Convicted arms dealer Viktor Bout’s former partner was given a five-year sentence by a U.S. judge for his role in a plan to sell weapons to Colombian terrorists.
Andrew Smulian, who testified against Bout, was sentenced today by U.S. District Judge Shira Scheindlin in Manhattan. He had pleaded guilty to crimes including conspiring to kill American citizens. Scheindlin sentenced Bout to 25 years in prison last month.
“He’s simply done everything asked of him by the United States,” Mary Mulligan, Smulian’s lawyer, told the judge. Smulian, 71, suffers from diabetes and high blood pressure, she said. He will be able to deduct the time he has already been jailed, about 50 months, from his 60-month sentence, Mulligan said.
Smulian, along with Bout, agreed to sell the Revolutionary Armed Forces of Colombia millions of dollars’ worth of weapons, prosecutors said. Undercover agents posed as members of the group, which the U.S. designates a terrorist organization, to arrange the deal. The weapons were going to be used to kill American citizens in Colombia, according to the prosecutors.
The weapons included surface-to-air missiles, AK-47 rifles, land mines and plastic explosives. Smulian and Bout negotiated a $5 million fee to transport the arms to Colombia, on top of millions of dollars for the weapons, according to court papers.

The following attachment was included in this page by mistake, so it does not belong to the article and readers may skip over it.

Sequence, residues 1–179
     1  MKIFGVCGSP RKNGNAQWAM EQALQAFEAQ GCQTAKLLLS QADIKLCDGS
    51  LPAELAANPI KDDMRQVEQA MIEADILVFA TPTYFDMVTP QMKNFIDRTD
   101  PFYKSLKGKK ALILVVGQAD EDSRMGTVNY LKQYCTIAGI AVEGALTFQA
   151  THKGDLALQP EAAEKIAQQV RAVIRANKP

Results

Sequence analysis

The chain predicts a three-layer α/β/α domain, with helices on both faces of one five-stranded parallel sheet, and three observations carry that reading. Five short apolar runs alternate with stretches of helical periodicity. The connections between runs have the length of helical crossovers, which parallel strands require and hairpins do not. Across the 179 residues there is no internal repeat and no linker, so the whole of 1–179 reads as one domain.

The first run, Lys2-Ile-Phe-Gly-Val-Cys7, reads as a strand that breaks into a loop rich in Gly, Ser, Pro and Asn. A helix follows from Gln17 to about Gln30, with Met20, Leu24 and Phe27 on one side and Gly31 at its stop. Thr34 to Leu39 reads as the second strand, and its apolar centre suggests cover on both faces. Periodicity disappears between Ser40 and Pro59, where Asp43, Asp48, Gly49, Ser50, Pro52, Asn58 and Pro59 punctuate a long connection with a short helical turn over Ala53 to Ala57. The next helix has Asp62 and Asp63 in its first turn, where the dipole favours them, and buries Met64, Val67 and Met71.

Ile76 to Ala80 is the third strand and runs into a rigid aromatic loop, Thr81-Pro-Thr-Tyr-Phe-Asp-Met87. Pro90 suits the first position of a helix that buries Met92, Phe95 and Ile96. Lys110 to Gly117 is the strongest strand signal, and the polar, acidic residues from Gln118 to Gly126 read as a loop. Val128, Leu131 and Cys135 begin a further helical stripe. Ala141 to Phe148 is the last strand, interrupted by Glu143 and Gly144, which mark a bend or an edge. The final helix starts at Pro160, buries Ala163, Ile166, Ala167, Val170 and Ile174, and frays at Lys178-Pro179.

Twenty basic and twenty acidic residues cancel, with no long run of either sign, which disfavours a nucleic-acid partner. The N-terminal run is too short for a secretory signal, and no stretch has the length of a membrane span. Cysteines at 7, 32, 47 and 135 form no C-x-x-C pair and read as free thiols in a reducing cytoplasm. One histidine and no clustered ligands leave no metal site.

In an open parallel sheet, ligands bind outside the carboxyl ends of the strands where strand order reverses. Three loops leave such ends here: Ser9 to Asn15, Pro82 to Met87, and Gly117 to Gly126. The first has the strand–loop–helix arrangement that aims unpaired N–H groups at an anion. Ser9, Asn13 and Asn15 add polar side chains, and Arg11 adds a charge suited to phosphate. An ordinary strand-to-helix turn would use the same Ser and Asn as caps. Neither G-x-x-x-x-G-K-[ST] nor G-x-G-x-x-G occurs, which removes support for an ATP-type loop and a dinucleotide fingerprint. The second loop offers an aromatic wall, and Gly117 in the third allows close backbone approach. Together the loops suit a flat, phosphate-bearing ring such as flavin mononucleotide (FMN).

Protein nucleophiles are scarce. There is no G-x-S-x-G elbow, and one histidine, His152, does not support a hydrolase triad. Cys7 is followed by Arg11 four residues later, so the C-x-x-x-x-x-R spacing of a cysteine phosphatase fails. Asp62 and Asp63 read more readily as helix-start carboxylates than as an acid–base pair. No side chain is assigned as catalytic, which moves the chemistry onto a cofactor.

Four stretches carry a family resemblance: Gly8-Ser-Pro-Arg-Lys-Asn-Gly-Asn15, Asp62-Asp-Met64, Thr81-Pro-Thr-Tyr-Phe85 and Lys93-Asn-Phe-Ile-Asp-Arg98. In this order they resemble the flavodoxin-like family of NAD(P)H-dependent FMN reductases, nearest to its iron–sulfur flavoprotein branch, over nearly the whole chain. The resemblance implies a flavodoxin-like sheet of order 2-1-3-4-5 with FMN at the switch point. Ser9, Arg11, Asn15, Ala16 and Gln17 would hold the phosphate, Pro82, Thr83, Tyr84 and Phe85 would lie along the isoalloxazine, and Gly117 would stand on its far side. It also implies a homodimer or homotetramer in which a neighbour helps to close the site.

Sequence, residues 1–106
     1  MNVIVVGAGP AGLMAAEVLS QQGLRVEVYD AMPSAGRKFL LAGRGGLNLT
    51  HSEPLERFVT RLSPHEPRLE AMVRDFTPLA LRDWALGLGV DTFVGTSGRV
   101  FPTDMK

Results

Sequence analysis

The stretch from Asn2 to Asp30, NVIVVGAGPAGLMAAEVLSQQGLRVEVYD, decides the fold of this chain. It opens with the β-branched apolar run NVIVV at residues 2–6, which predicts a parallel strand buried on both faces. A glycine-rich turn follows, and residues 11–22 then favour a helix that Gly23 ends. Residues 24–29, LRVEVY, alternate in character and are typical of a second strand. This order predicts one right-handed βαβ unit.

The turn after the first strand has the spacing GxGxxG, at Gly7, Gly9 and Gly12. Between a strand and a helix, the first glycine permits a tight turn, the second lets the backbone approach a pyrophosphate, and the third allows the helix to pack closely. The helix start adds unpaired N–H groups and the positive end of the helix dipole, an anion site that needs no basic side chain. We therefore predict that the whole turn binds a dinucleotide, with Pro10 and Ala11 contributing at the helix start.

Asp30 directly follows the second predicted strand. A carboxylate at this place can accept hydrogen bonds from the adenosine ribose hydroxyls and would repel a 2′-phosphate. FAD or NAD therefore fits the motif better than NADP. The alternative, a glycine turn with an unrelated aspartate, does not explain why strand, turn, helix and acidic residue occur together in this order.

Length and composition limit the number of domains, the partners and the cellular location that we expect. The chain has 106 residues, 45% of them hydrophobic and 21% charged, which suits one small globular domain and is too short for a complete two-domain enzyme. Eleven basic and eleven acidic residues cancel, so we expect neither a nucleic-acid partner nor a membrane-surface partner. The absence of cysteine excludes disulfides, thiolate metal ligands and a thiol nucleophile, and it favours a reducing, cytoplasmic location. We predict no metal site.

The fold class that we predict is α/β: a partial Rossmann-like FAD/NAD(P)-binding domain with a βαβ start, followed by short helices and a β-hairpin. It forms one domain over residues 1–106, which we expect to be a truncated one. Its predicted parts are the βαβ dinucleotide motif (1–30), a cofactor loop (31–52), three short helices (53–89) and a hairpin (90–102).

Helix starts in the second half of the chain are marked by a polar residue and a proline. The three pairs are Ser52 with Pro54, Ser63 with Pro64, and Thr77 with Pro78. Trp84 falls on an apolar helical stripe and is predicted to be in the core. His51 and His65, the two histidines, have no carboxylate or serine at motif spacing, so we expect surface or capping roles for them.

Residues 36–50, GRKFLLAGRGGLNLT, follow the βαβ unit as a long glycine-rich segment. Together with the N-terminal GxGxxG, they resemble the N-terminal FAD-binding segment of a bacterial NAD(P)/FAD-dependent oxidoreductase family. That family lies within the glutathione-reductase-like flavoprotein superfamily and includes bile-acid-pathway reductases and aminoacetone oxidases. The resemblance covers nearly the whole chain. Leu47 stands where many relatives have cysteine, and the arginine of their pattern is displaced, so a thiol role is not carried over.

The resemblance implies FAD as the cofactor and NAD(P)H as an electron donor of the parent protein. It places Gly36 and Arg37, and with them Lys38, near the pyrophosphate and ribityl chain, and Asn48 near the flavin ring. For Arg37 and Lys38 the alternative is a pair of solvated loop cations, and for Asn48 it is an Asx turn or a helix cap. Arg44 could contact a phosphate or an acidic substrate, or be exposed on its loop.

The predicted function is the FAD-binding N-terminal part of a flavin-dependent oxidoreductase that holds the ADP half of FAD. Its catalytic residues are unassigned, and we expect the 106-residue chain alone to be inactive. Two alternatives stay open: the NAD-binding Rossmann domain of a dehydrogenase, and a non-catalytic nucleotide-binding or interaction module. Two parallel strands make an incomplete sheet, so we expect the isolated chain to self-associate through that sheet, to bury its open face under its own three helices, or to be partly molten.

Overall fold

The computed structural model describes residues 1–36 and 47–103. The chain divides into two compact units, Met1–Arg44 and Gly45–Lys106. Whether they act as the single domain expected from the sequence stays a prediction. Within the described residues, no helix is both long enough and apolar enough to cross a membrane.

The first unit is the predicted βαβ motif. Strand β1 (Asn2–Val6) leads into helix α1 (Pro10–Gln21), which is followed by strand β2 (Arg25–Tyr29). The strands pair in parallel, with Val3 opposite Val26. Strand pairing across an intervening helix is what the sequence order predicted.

“I accept full responsibility for my misconduct,” Smulian said in his remarks to the judge. “I would like to apologize to the American people.”
Scheindlin said she took his cooperation with the government into account in sentencing him. She also said his age and health “counsel a greatly reduced sentence.” After his jail term ends, he will have five years of supervised probation.
Smulian, a native of South Africa, operated an air cargo company in that country that went out of business. Scheindlin noted that he was “financially vulnerable” when he agreed to a deal with Bout.
Bout, a former Soviet military officer, was the target of the U.S. sting operation, prosecutors said.
“Mr. Smulian’s cooperation was indeed critical in the prosecution of Mr. Bout,” Assistant U.S. Attorney Anjan Sahni told the judge.
Bout and Smulian were arrested in Bangkok in 2008. Sahni said that Smulian voluntarily waived extradition rights and came to the U.S. after his arrest.
The case is U.S. v. Smulian, 08-cr-711, U.S. District Court, Southern District of New York (Manhattan).
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